Quigley Down Under

Quigley Down Under

4.8 5
Director: Simon Wincer

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Tom Selleck stars as American cowboy archetype Matthew Quigley in Simon Wincer's outback western Quigley Down Under. Answering an advertisement placed by Australian cattle baron Elliot Marston (Alan Rickman) to come to the rugged and uncivilized Australian countryside and shoot dingoes, Quigley finds himself halfway around the world, only to find that Marston…  See more details below


Tom Selleck stars as American cowboy archetype Matthew Quigley in Simon Wincer's outback western Quigley Down Under. Answering an advertisement placed by Australian cattle baron Elliot Marston (Alan Rickman) to come to the rugged and uncivilized Australian countryside and shoot dingoes, Quigley finds himself halfway around the world, only to find that Marston wants to exploit his talents as a sharpshooter in order to wipe out the Aborigine population. Taken aback by this square-jawed genocide, Quigley grabs Marston and hurls him through a window. Marston, who controls the region, sets out to hunt Quigley down. But helping him stay one step ahead of Marston is the addlebrained expatriate American trollop Crazy Cora (Laura San Giacomo) who insists that Quigley is her husband Roy.

Editorial Reviews

Barnes & Noble - Ed Hulse
Easily the most satisfying big-screen adventure film to star episodic-TV favorite Tom Selleck, Quigley Down Under rates kudos for its clever juxtaposition of horse-opera conventions and archetypes with an exquisite location and an unfamiliar but recognizable culture. Selleck plays a sharp-shooting westerner -- clad in typical cowboy regalia -- who travels to 19th-century Australia in response to an ad from British land baron Alan Rickman. The Yank, horrified to learn that he's been engaged to kill Aborigines as part of Rickman's campaign of native genocide, refuses his commission and thus becomes the target of the ruthless rancher's vendetta. Laura San Giacomo (who herself achieved small-screen stardom in the decade following this movie's production) is hardly a typical ingénue -- a trollop who is believed to be insane, she repeatedly confuses Selleck for a former lover. Wringing the rugged Australian landscape for every drop of pictorial splendor, director Simon Wincer (The Phantom) also exhibits a keen understanding of the morality-play elements that comprise classic movie westerns. His action scenes are vigorous and flamboyant, and his characters display markedly individualistic traits while behaving within the genre's long-prescribed limits. Exciting, picturesque, and occasionally very funny, Quigley Down Under will guarantee you a rip-roarin' good time. The DVD is augmented by a featurette, "Rebirth of a Western," in addition to the theatrical trailer.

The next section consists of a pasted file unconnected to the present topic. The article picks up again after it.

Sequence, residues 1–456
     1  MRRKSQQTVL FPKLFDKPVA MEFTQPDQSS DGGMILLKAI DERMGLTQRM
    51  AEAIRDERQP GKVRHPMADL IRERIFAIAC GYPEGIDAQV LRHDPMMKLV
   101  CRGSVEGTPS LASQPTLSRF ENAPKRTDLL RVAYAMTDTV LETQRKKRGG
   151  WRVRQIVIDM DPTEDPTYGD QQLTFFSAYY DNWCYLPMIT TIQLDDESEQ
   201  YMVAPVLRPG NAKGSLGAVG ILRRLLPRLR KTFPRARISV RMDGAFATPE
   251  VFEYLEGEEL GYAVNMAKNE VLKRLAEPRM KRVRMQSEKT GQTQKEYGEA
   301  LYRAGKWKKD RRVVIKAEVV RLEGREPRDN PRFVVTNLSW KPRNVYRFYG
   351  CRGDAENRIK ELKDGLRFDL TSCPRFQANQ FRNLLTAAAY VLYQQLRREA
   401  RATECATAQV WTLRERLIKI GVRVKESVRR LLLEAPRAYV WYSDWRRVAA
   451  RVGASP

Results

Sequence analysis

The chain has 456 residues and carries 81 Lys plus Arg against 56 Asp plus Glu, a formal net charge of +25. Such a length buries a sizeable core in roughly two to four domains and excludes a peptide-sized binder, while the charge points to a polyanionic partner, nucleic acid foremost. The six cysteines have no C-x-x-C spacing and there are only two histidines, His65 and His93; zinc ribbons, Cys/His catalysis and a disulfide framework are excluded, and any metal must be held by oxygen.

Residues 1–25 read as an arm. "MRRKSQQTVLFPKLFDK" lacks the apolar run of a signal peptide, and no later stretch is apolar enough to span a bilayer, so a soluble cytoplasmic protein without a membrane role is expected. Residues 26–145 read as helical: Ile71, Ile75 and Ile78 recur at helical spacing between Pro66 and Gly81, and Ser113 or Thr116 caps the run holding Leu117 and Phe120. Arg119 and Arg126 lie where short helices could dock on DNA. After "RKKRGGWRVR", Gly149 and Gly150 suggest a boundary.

All Movie Guide